“It was something that I was extremely proud of and serving in that role put me in a space to do all those things I dreamed of doing when I was an undergraduate.

“I know those opportunities are what enabled me to be where I am, and prepared me for this transition to the Washington, DC area, and for my current role as an auditor for the U.S. Department Of Defense.

“This is why I chose this university to get my master's degree. Who would have thought that in a master's program I would get the type of nurturing that some people get when they are an undergraduate. Some people never have an opportunity to receive this kind of encouragement at all. So I'm extremely appreciative.

“NSU is a place where dreams are nurtured, and upon completion, dreams really do come true from there.”


“NSU Jacksonville is a family, it really is. Our advisor, Cathy O’Brian, has this energy about her which sets the tone. A lot of our students work full-time. She has a family herself so a lot of our student activities are family-oriented. Even if we are just hosting study sessions for finals, we are considerate. If you need to bring your family along with you, you can.

“We have a text message thread for everybody that served on the SGA during my time. We were texting the other day asking for updates and baby pictures and when we're all going to go out to grab dinner. That kind of family atmosphere, that family vibe, really makes the campus great.

“I like connecting with other people, groups, and campuses at NSU so we get to know each other.

“I don't think it is overbearing, but there is an opportunity there. If you want somebody to study with you, I'm here. If you want somebody to hold you accountable, I'm here for you. And I think that type of vibe, and that type of love and nurturing, is what promotes success on our campus, what has made people say, ‘hey, I want to come back and be a part of this feeling.’

“When I came down for the award for alumnus of the year event, Cathy O'Brian picked me up from the airport, and took me back to campus where we talked and hung out.

“We really have built something that is long lasting and deeper than getting an education. The focus of the staff is really ‘what can we do to improve our students?’ And I think that just comes out. I speak for myself, and for other people I know as well, when I say that people’s lives are changed throughout that experience.

“It's not about our own success; it's about all of our success.”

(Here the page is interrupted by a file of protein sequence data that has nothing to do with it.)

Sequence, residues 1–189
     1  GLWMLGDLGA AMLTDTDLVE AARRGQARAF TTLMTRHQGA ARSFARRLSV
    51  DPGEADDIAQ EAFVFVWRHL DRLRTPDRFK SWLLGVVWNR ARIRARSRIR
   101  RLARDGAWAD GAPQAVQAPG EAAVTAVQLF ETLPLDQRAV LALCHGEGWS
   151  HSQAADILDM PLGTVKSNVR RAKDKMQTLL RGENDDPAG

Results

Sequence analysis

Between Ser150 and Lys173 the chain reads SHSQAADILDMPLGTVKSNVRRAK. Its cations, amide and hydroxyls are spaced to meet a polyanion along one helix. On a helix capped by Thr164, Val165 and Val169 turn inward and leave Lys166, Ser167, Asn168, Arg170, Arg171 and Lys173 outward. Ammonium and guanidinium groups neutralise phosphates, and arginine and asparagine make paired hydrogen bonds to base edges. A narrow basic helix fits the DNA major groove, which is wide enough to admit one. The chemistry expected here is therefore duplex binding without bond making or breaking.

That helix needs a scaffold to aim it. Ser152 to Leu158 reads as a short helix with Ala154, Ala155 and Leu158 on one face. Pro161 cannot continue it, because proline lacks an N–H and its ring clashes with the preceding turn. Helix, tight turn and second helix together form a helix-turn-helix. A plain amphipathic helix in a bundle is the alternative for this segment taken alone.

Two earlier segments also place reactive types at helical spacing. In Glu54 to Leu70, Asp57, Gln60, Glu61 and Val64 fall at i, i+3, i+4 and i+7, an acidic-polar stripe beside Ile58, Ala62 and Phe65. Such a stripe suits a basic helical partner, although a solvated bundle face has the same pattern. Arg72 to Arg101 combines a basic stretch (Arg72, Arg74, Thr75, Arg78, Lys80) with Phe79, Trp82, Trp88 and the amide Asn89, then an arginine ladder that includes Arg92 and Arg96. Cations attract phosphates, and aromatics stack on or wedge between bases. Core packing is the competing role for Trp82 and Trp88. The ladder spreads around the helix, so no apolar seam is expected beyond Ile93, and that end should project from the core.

"Looking at the list [of nominees], of people making great contributions to society, I feel that I am just beginning on the path. I was excited just to be nominated, and grateful. But to actually win… My advisor has a video [from the ceremony]. When they called my name [for Student Life Alumnus of the Year] there was this huge gasp, and I realized it was me."

“It is surreal for me. I feel like there are so many things I want to do. I'm thankful to be recognized, and I'm thankful to be the representation of what NSU has to offer.

“You don't just come to NSU to get a degree and get a job. You're going to earn a degree, but people are going to support you in a way that once you're done, you literally are a bird. And you can spread your wings and soar because the sky is the limit. I am proud to represent that."


Mentors - I always think it’s important to also have what I call “mentors from afar,” that I don't know directly, but their life’s work inspires me to be better, to work harder.
Also, speak with your professors, and NSU staff.

Student Leadership - As a student leader, I wanted other student government students to understand the bigger picture, to see how we could place all of these pieces into a bigger picture for everyone. After meetings I would have a kind of pow-wow where I would go around and ask everybody for feedback. ‘What should I do to be a better president? What can I do to be there for you?’

That was pretty exciting. It really added to who I am.

Purpose Over Title - The president of our White House intern class said, ‘in life, never chase a title, because you'll get so wrapped up in the politics and all the stresses that come with a title, you'll just get in that role. You won't know what to do. Chase a purpose.’

I truly believe my purpose is representing, serving people, being an advocate for those people who don't have voice, being the representative for them, and being the person to say ‘hey, we're all here together.’

So I believe that I'll start with local politics, then perhaps national politics. Being an advocate and using my voice will always be a part of my journey.